In an age of rapid industrialization and intense competition, food processors are looking to increase throughput, regulate line changeovers and accommodate shorter production runs – which is leading the industry to see an increase of robotic integration into upstream operations. Food processors are investing in pick and place robots that can handle standard applications as well as delicate applications, such as fresh fruit and washdown applications, such as meat products. With the International Federation of Robotics (IFR) predicting the number of pick and place robots to grow by 4% by 2016, food processors are already seeing how effectively the technology solves pain points at the processing stage. Today, the breadth of robots is expanding – they no longer primarily exist in downstream operations such as packaging and palletizing.
Efficient product sortation and placement is critical to remaining competitive and protecting profitability. There are 10 key ways in which food processors utilize pick and place robots to improve upstream operations.
Brand image and product integrity are one of the main concerns for processors and pick and place robots aid in protecting unpackaged food from damage. They can handle standard applications as well as delicate applications such as fresh fruit, vegetables and baked goods.
Pick and place robots minimize exposure to contamination, protecting food from external environmental factors and reducing the potential for food safety issues.
Robots increase productivity by automating labor-intensive tasks. They handle repetitive motion over long durations, which decreases ergonomic issues associated with manual labor.
When processing lines involve a fast-moving conveyor, automating pick and place activities will eliminate manual errors. Robots perform repetitive tasks with precision and speed and they do it with minimal risk of picking and placing the incorrect product.
Due to the high precision and reliability of robots in pick and place applications, the cost of waste and scrap is greatly reduced. Processors are better positioned to negate any adverse impact to the bottom line and to protect their profitability.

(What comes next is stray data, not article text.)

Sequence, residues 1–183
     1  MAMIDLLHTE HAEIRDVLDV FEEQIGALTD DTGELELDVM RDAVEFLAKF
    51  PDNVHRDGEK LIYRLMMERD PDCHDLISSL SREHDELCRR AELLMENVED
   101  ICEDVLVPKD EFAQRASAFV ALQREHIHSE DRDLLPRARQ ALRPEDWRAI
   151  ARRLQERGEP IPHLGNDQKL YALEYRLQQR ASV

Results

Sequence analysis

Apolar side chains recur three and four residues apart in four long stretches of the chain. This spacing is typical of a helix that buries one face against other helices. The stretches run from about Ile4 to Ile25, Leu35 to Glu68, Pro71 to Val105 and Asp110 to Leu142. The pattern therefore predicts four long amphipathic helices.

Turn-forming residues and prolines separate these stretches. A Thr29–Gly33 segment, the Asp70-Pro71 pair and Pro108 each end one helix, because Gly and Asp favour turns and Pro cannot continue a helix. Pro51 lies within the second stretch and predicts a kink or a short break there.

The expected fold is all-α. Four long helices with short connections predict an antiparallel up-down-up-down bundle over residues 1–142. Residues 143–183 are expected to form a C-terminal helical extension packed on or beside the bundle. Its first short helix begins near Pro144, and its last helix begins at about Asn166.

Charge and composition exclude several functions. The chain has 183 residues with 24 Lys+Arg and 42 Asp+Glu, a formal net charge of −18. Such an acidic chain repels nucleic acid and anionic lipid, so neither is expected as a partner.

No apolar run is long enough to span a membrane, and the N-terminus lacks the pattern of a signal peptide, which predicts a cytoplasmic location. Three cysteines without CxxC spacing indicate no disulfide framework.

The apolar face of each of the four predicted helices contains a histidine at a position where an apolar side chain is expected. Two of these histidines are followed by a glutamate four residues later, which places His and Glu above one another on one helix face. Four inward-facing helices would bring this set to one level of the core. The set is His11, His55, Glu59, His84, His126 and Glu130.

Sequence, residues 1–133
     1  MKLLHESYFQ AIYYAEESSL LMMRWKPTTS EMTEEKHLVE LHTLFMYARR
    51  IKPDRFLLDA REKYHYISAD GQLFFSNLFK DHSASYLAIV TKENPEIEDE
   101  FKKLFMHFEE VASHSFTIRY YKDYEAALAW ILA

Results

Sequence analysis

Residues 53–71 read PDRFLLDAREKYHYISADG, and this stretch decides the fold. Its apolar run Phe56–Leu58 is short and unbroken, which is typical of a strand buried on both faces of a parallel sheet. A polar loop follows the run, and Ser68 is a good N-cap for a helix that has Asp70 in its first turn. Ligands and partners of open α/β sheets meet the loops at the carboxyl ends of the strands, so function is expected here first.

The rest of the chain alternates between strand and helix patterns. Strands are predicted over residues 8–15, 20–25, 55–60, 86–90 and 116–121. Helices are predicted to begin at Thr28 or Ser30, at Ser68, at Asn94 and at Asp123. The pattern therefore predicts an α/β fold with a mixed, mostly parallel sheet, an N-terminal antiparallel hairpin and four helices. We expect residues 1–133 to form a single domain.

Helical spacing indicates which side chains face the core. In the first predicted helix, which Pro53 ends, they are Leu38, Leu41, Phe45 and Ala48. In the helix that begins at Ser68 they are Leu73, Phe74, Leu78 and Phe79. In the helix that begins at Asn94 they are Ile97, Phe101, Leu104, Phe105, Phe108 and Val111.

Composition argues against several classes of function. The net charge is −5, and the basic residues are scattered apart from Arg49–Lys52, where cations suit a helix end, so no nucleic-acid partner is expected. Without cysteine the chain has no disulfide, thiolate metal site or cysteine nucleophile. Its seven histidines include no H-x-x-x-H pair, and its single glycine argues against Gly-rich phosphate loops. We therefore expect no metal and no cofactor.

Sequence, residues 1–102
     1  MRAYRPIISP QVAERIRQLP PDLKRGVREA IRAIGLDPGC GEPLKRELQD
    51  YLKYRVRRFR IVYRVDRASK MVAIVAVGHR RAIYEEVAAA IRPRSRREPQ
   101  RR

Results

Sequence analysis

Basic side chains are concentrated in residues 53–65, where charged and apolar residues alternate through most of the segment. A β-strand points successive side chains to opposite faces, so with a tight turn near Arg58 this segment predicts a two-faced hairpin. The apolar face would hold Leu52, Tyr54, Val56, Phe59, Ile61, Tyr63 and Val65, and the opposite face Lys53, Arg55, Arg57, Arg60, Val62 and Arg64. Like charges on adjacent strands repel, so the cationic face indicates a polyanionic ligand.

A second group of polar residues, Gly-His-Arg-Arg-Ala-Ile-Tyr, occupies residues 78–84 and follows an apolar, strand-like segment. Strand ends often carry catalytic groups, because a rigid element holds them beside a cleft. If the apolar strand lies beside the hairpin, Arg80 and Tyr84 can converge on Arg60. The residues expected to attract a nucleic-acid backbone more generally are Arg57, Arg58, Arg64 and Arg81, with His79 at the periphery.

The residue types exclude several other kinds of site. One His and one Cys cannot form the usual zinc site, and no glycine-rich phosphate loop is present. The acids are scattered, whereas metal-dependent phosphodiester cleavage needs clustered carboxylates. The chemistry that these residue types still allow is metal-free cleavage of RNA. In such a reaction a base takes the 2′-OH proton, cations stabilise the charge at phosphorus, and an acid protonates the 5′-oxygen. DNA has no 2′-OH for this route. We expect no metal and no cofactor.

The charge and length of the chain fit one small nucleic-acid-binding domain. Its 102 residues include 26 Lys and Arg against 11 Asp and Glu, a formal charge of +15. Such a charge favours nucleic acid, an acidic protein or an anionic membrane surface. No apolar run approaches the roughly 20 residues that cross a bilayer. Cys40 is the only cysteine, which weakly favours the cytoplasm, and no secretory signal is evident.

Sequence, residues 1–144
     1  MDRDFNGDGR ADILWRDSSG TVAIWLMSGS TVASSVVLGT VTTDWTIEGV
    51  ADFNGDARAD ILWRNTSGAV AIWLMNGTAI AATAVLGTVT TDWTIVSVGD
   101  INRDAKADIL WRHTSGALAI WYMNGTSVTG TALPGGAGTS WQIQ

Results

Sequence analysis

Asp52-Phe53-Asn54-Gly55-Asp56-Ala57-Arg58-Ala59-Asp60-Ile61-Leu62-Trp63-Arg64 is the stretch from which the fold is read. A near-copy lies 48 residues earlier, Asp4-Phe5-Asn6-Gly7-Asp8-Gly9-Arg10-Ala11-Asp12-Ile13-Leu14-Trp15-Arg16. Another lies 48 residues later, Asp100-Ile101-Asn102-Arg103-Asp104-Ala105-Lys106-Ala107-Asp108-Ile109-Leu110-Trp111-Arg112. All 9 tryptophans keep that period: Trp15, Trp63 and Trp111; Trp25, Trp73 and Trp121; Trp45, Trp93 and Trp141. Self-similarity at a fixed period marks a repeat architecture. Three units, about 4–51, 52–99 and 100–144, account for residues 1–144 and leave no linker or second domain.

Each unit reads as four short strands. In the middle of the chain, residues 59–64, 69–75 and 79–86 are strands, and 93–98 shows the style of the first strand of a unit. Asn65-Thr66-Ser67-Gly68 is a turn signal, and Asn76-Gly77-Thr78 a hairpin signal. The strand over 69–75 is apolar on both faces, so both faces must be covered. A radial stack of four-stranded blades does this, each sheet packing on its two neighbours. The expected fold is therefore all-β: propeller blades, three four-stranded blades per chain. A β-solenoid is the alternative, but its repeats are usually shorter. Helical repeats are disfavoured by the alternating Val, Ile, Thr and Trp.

Robotics, when used in conjunction with visual inspection, keeps non-conforming products from moving downstream. Catching non-conformities at the earliest point possible in production, provides processors with peace of mind that compromised products will not enter the market.
Dexterity and speed of robots pack products in a matter of seconds, allowing products to be picked from one line and placed on another for finishing.
The automation of product changeovers speed throughput by eliminating format-specific change parts. Robots are guided by pre-determined recipes and can seamlessly accommodate any change in production.
Vision systems guide robots for greater flexibility in product handling and packing. The ability to handle rainbow (variety) packs allows for greater product diversity with retailers.
Pick and place robots quickly sort products with varying shapes and sizes to facilitate downstream operations.
To maintain a competitive edge, food processors must constantly find ways to cut costs and improve efficiency – all while accommodating shorter production runs and varying requests from retailers. They must ensure the quality and safety of their products. Integrating robots helps processors remain profitable, competitive and flexible. Robotic integration in upstream processing will continue to expand in the food industry – we’ve only just begun to realize the benefits.